Maccarthy, Nicholas Tuite (DNB00)
MACCARTHY, NICHOLAS TUITE, called the Abbé de Lévignac (1769–1833), divine, was the son of Justin MacCarthy, only surviving representative of the MacCarthy Reagh family, by Mary Winifred, daughter of Nicholas Tuite, chamberlain to the king of Denmark. Born at Dublin 19 May 1769, at four years of age he was taken to Toulouse, where his father was naturalised (1776) and made a French count. When seven years old he was sent to the college Du Plessis in Paris, and at fourteen he received the tonsure at St. Magloire seminary, being styled, from a property near Bordeaux, purchased by his father, the Abbé de Lévignac. His kinsman, Arthur Dillon, archbishop of Narbonne, would have at once given him a benefice in commendam, but MacCarthy could not conscientiously accept a sinecure. The revolution interrupted his studies at the Sorbonne, and drove him back to Toulouse, where he profited by his father's large library, and helped to educate his younger brothers. A weakness of the reins rendering it painful for him to kneel or to stand upright, he long hesitated to become a priest, but the death in childbed of a sister-in-law, wife of Viscount (afterwards Count) Robert MacCarthy, deputy for the Drome in 1815–20, put an end to his irresolution. Ordained in 1814, he soon became known as one of the most eloquent French preachers, and in 1817 he was offered the bishopric of Montauban, but he declined preferment, having determined on joining the jesuits. This he did in 1820, and as an Advent or Lent preacher he had a great reputation at court, in the principal French towns, and at Geneva. The revolution of 1830 led him to retire to Savoy, whence he was summoned to Rome, a preaching visit which undermined his health. Just after concluding Lent sermons at Annécy in 1833, he was attacked by a fatal illness, expired on 3 May in the bishop's palace, and was buried in the cathedral.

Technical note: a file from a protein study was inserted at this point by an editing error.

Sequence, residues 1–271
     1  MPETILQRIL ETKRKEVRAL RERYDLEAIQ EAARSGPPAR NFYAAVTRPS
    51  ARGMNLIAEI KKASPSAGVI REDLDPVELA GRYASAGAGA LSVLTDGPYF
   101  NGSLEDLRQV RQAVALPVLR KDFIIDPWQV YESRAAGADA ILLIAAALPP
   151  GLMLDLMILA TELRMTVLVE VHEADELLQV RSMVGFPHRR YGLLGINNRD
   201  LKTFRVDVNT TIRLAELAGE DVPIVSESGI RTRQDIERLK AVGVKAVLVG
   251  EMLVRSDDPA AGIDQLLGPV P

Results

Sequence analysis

[Life prefixed to his Sermons by the Abbé Deplace, Lyons, 1834; Genealogy in Annuaire de la Pairie, 1845.]